Do I need to train in the summer after my club team ends the season?

For many players, summer offers an opportunity to work on fitness, foundational skills and weaknesses. For others, it may be time to recover from nagging injuries. Exactly when you should return to training and competitive play following your spring season depends on many factors including post-season schedule and physical and mental health.

While rest can be beneficial, it should rarely ever mean 100% rest. Even incorporating in light jogs and bike flushes in the days after your final matches will help propel you into summer training. If you want to improve and be a competitive player, it is important to find a rhythm and keep it during the summer even when your team ends the season. Maintaining fitness over the summer takes planning and dedication.

The summer gives players the freedom to improve on their weaknesses, fitness and work on foundation skills. Consider ball control for example. This skill is easy developed independently. Check out this link below which recommends training with different size and types of balls to improve on control: https://www.perfectsoccerskills.com/blogs/news/114817603-using-smaller-balls-to-develop-better-control. Summer is also a perfect time to work on cardio and strength training since there is no worry about being sore for matches.

Before you jump right into a summer training regime, remember one of the most important factors in planning out your summer should be your health! While many players are anxious to jump back into training, players recently recovering from injuries should use this time wisely. The last thing you want to do is further aggravate nagging injuries. If there’s been an issue with your body this spring, use summertime wisely to do physical therapy exercises and corrective stretching. This will help you strengthen and lengthen your muscle tissue, thereby preventing future injuries.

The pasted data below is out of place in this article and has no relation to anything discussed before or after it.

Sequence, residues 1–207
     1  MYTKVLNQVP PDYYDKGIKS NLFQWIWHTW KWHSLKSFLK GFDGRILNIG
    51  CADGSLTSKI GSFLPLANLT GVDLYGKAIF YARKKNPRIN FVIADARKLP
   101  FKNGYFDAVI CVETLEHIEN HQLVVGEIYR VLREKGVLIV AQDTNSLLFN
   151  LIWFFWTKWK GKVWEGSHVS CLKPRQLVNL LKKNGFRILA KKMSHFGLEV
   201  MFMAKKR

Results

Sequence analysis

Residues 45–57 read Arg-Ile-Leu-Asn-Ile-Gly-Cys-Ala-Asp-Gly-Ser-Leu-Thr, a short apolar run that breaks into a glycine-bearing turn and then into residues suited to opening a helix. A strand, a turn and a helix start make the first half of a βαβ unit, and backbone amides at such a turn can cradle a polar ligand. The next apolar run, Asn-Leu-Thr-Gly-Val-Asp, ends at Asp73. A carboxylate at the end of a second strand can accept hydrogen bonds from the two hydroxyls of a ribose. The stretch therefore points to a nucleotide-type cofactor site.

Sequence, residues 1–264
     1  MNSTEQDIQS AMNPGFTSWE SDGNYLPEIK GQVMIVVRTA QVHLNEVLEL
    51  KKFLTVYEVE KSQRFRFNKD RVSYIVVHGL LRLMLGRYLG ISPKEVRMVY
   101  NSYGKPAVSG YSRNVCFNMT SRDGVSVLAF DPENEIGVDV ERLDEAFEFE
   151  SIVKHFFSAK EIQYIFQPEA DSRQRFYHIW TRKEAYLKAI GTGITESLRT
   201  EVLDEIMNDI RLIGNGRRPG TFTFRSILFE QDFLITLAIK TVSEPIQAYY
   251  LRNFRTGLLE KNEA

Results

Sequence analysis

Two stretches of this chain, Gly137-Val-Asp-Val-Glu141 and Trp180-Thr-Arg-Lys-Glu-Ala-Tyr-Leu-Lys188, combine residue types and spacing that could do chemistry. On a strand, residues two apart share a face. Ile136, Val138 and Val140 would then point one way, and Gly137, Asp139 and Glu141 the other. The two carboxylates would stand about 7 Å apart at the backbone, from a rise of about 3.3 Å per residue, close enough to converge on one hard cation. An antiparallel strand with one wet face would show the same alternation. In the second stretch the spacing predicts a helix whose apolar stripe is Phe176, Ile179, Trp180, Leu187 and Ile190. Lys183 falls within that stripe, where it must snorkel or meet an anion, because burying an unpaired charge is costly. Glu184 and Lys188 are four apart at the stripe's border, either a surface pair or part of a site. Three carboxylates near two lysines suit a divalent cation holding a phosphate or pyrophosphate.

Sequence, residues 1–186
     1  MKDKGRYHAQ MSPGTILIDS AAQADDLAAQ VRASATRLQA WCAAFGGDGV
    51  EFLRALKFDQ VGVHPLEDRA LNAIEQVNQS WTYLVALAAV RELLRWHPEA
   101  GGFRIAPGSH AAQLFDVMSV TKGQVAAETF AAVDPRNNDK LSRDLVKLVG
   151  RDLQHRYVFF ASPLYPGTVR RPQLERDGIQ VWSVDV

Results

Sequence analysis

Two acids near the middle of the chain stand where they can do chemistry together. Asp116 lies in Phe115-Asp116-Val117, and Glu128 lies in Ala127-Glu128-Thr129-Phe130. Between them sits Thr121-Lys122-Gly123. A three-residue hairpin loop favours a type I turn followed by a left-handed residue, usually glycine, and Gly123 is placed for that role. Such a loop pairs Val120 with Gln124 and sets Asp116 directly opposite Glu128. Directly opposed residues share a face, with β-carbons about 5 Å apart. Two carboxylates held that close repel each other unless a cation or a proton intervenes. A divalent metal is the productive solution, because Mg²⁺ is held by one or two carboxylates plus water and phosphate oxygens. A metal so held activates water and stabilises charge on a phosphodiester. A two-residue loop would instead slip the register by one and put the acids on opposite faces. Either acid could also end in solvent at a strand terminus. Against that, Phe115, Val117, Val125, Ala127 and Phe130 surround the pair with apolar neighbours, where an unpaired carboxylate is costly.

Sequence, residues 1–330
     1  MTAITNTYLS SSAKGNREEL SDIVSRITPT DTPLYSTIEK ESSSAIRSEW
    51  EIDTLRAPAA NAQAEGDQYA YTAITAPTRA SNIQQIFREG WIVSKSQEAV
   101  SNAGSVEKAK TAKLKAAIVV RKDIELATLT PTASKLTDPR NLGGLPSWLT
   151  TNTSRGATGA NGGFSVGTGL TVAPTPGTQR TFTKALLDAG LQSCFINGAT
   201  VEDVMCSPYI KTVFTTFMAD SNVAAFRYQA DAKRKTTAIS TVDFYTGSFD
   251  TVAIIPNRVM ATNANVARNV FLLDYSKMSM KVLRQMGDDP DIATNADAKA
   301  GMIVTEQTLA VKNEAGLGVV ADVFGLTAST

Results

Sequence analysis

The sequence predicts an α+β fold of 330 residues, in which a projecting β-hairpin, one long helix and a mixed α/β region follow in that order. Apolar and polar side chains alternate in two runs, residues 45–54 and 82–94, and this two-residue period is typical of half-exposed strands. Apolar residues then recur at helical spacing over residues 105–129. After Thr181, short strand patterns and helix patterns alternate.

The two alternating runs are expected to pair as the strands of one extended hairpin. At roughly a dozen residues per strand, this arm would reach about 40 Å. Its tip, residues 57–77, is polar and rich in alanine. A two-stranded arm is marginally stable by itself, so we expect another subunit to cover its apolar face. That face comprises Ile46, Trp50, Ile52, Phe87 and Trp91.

According to a recent Dutch study, high school players may be more susceptible to injury following a recent growth spurt. One doctor suggests that overuse injuries can be substantially reduced by early intervention. Check out this doctor’s recommendations and interpretation of the recent Dutch study at: https://www.socceramerica.com/publications/article/81630/teenage-growth-spurt-a-risky-time-for-soccer-inju.html

Finally, it is important to acknowledge that some group training is important even in the off-season. Even just training with a handful of teammates once or twice a week can help you stay as close to game shape as possible. Or maybe this is your opportunity to train with a new group of players in a summer league. This may provide a breath of fresh air from the same training and players you’ve been with all season. You would be surprised what kind of potential you can unlock from playing with new players, training styles, and coaches. All in all, it should go without saying that summer training is absolutely necessary for serious players.

Why Should I train with College Coaches in the summer?

Summer is usually when players have the most downtime to focus on improvement and college recruitment. It also acts as an important transition phase between club seasons. It is important to train with college coaches at this time for 3 main reasons.

1. Intimate recruitment exposure

One of the more obvious reasons to train with college coaches in the summer is the opportunity to possibly get recruited to play for them in the future. This is enticing because training in this closed environment allows the coach to get to know you better as a player and a person. Coaches are less inclined to hand out scholarships to players they have seen play in tournaments, but not gotten to know on a personal level because it poses more of a risk. Coaches look for driven players who maintain a level head on and off the field. They would much rather recruit players they’ve made a relationship with, rather than someone more unknown who could potentially be a head case. If a coach can see how you play in games and train in practices he will feel more comfortable recruiting you and likely feel better about offering you a substantial scholarship.

2. Personal measurement and goals